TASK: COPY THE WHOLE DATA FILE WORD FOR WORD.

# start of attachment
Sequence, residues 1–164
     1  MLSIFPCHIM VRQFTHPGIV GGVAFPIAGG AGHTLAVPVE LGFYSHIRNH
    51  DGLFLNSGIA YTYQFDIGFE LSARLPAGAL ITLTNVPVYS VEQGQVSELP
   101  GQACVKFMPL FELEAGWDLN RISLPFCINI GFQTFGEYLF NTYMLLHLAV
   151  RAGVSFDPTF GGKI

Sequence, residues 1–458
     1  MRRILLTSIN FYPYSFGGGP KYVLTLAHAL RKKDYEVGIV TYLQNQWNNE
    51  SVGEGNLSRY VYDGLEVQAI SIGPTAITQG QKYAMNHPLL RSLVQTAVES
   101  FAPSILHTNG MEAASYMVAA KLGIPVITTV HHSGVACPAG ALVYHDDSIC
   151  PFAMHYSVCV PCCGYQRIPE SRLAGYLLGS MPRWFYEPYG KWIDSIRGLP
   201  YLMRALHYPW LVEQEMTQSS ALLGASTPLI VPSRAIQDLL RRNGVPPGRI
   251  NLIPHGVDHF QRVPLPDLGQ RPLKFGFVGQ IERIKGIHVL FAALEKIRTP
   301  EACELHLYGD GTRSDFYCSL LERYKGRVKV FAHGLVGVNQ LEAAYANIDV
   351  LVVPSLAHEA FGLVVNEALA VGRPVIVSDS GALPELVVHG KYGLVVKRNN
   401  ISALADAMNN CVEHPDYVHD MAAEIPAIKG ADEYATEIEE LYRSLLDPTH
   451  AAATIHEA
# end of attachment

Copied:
Sequence, residues 1–164
     1  MLSIFPCHIM VRQFTHPGIV GGVAFPIAGG AGHTLAVPVE LGFYSHIRNH
    51  DGLFLNSGIA YTYQFDIGFE LSARLPAGAL ITLTNVPVYS VEQGQVSELP
   101  GQACVKFMPL FELEAGWDLN RISLPFCINI GFQTFGEYLF NTYMLLHLAV
   151  RAGVSFDPTF GGKI

Sequence, residues 1–458
     1  MRRILLTSIN FYPYSFGGGP KYVLTLAHAL RKKDYEVGIV TYLQNQWNNE
    51  SVGEGNLSRY VYDGLEVQAI SIGPTAITQG QKYAMNHPLL RSLVQTAVES
   101  FAPSILHTNG MEAASYMVAA KLGIPVITTV HHSGVACPAG ALVYHDDSIC
   151  PFAMHYSVCV PCCGYQRIPE SRLAGYLLGS MPRWFYEPYG KWIDSIRGLP
   201  YLMRALHYPW LVEQEMTQSS ALLGASTPLI VPSRAIQDLL RRNGVPPGRI
   251  NLIPHGVDHF QRVPLPDLGQ RPLKFGFVGQ IERIKGIHVL FAALEKIRTP
   301  EACELHLYGD GTRSDFYCSL LERYKGRVKV FAHGLVGVNQ LEAAYANIDV
   351  LVVPSLAHEA FGLVVNEALA VGRPVIVSDS GALPELVVHG KYGLVVKRNN
   401  ISALADAMNN CVEHPDYVHD MAAEIPAIKG ADEYATEIEE LYRSLLDPTH
   451  AAATIHEA